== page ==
When we describe the appearance of people or things, we often compare them to others to give meaning and context to what we are saying.
When we compare two different things, we use comparative adjectives.
My puppy was smaller (comparative) than Kate's.
When we compare three or more things then we use superlative adjectives.
My puppy was the smallest (superlative) of the three dogs and Kate's was the biggest (superlative).
We often form comparative and superlative adjectives by adding er and est.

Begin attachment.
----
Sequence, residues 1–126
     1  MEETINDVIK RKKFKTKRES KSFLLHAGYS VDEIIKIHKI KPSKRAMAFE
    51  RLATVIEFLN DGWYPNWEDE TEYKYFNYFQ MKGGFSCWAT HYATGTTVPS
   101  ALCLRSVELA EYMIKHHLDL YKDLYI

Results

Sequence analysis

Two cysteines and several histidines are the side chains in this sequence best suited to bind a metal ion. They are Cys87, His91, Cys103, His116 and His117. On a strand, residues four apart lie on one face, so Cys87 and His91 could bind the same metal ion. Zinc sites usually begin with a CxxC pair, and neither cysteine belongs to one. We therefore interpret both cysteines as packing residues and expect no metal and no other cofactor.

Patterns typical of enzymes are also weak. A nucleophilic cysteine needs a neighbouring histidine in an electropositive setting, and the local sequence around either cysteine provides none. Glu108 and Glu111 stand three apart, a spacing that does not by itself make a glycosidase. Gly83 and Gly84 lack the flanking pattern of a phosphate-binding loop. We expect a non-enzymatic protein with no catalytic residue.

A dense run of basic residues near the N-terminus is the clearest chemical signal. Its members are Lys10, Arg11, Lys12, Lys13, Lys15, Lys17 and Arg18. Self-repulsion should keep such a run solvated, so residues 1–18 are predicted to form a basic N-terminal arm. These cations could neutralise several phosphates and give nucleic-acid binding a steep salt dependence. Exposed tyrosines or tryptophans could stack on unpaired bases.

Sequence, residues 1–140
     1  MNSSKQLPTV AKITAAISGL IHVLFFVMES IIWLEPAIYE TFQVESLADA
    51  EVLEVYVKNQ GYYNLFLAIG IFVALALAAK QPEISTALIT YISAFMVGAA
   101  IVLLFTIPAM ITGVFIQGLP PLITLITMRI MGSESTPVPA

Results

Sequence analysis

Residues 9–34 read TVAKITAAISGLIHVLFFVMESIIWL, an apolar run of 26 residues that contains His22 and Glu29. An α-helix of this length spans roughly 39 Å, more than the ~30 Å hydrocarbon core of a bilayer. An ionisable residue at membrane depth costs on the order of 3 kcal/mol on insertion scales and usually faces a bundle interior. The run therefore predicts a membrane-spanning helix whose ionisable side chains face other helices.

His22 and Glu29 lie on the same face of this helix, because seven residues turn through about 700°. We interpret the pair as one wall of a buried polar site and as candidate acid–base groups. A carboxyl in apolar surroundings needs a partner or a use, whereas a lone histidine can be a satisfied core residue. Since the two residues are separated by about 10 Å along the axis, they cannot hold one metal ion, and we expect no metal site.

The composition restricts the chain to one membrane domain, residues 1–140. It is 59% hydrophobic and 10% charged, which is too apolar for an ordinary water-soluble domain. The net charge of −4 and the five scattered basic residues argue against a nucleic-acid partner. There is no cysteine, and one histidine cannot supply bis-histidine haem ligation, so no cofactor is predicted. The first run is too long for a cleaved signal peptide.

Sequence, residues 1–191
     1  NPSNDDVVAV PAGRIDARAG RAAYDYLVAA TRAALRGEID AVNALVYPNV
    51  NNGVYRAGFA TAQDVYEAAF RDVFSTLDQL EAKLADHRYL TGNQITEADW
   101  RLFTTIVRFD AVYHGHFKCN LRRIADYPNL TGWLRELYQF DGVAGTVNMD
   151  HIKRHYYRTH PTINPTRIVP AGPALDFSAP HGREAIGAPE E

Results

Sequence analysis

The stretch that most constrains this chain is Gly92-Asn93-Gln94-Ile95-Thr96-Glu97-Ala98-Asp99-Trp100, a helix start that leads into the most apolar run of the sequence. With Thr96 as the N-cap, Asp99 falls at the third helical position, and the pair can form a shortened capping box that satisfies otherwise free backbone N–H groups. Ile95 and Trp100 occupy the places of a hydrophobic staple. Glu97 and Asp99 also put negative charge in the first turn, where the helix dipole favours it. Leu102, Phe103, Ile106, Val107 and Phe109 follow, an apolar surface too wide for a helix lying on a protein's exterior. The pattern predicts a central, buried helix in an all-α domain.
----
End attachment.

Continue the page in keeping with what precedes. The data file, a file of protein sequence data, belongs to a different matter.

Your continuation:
thin (adjective) thinner (comparative) thinnest (superlative)
heavy (adjective) heavier (comparative) heaviest (superlative)
However, if an adjective has three syllables or more, then we use the words 'more' and 'most' instead.
intelligent (adjective) more intelligent (comparative) most intelligent (superlative)
Adjectives with two syllables are more difficult because they can follow either rule.
Most adjectives ending in -y, -le and -ow add 'er' and 'est'.
noisy noisier noisiest
gentle gentler gentlest
narrow narrower narrowest
Other two-syllable adjectives that do not end with a -y, -le and -ow add 'more' and 'most' before.
careful more careful most careful
anxious more anxious most anxious
Some adjectives don't follow the rules at all!
good better best
bad worse worst
Let's start those questions now!